As I write this post, the conversion from pound to US dollar is 1.58! With that conversion, living in London can be pretty steep. Mr. Selfish and I have accordingly become very fond of the museums since the vast majority of them are free.
We went to eight museums during our time in London. This post will review the four larger museums we visited – the British Museum, the National Portrait Gallery, the Natural History Museum, and the Tate Modern. Part 2 will review the four smaller museums that Mr. Selfish and I visited during our stay.
1. The British Museum – Established in 1753, this museum focuses on human history and culture. It contains over 8 million items in its permanent collection. Mr. Selfish and I personally enjoy the Egyptian and Asian permanent exhibits. We also visited the temporary Picasso exhibit, which contained over 100 etchings by Picasso.
It is always worthwhile to visit the British Museum. Mr. Selfish and I have been here separately and together on a number of occasions. The only downside is that it can get pretty swamped by tourists, especially the Egyptian exhibits. I would recommend not visiting the British Museum on the weekends but going during the weekday.
2. National Portrait Gallery – Opening in 1856, it was the first portrait gallery in the world. It contains a collection of portraits of historically important and famous British people. The museum contains modern portraits, as well as the portraits of the past monarchs and royalty. It was fun reading about all of the royal family drama.
It was different to visit a museum that focused solely on portraits. Mr. Selfish and I also went to the National Gallery but that was a little overwhelming. I think that the National Portrait Gallery is a much more manageable size and contains a stunning collection of art.
3. Natural History Museum – This museum contains an impressive 700000 million life and earth science specimens. We made the mistake of visiting this museum on a Saturday. Although there were some interesting exhibits, the massive crowd and the tunneling design of the museum did not make for an enjoyable experience. In particular, the dinosaur exhibit forces everyone above the actual dinosaur exhibit on a high platform. Because the actual exhibit is below, the crowd is slow moving even though you can’t read anything from the platform. Plus, the T-Rex replica at the end of the tunnel forces the crowd to a standstill as everyone wants to take a photograph of it.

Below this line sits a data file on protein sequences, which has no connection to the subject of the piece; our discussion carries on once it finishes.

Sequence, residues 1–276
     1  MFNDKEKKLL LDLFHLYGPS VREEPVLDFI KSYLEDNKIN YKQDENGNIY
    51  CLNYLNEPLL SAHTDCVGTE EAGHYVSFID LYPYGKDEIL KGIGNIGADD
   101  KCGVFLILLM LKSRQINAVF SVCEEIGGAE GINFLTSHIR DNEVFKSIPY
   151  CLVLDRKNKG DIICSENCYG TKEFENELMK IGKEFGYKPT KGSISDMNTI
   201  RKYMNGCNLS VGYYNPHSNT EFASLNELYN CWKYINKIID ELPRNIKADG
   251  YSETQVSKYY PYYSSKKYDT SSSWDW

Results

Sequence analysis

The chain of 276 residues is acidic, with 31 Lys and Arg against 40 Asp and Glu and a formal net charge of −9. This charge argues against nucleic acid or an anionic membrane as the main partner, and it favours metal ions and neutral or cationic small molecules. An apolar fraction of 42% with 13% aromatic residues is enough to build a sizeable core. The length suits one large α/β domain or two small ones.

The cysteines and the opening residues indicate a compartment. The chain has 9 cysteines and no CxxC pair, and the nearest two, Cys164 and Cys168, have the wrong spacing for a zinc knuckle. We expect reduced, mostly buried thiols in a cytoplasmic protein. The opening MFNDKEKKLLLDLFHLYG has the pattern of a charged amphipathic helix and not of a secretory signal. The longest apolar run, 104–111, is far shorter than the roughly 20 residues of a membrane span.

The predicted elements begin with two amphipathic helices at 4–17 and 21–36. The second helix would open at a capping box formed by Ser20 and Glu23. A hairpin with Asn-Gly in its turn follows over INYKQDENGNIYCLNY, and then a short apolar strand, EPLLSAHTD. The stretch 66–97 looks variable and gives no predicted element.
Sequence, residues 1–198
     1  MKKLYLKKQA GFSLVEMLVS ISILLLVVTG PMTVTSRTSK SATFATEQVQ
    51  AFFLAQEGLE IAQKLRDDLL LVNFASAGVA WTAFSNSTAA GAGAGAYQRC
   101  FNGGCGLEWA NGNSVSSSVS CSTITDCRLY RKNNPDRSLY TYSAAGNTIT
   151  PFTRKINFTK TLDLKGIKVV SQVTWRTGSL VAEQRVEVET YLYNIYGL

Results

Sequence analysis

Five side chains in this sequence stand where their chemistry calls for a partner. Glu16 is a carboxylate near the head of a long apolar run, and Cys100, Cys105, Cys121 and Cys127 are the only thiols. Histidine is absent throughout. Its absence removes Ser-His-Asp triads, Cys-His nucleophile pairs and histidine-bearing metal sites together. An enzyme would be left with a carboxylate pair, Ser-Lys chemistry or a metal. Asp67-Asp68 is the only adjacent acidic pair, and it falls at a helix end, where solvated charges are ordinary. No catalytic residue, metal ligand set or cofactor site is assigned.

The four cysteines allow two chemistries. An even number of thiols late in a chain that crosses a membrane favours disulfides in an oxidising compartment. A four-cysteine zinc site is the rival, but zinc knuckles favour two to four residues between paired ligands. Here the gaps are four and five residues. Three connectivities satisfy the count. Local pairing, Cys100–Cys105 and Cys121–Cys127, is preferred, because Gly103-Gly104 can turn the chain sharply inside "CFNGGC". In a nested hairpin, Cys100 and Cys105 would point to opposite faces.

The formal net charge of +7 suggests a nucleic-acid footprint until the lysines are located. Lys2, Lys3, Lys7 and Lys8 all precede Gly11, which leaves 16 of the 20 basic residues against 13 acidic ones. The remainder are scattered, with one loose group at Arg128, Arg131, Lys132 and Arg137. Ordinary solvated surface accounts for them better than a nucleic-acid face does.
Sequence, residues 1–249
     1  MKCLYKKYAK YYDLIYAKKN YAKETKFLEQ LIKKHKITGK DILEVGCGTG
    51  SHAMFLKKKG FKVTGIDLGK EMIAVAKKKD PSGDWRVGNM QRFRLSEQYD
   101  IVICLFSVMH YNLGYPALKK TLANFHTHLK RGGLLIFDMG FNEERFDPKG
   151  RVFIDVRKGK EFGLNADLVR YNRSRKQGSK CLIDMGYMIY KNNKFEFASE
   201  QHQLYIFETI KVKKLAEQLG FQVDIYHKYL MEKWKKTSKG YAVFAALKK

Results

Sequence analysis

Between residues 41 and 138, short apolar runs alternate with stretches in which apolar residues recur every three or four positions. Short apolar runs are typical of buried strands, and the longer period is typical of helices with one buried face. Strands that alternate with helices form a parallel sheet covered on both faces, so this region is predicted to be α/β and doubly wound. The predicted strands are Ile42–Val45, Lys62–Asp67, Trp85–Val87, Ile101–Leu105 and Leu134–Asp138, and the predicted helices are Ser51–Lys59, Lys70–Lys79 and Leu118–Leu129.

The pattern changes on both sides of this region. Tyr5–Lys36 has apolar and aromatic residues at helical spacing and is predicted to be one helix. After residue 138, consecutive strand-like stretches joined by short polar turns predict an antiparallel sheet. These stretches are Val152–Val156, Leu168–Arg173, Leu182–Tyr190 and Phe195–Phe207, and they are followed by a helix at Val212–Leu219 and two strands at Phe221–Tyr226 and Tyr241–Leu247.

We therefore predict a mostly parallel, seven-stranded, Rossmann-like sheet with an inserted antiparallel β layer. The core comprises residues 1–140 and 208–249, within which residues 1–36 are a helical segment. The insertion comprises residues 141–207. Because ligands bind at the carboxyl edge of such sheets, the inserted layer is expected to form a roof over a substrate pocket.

Nevertheless, this museum is quite educational and would be tons of fun for children. I would only recommend avoiding it during the weekend, especially weekends during the Olympics!
4. Tate Modern – Mr. Selfish and I generally do not have an appreciation for modern art. We nevertheless decided to give the Tate Modern a try since it came so highly recommended.
Surprisingly, Mr. Selfish and I enjoyed bits of this museum. I’ve always like Picasso, and Mr. Selfish took to the anti-Nazi war art. I would recommend this museum to modern art lovers and even those, like us, who are a bit skeptical. There were a couple of pieces of “art” that were questionable (as Mondrian is want to be) but overall, the Tate Modern is a good museum.
In Part 2 of this series, I’ll go over the Wallace Collection, the Victoria and Albert Museum of Childhood, the Hunterian Museum, and the British Library.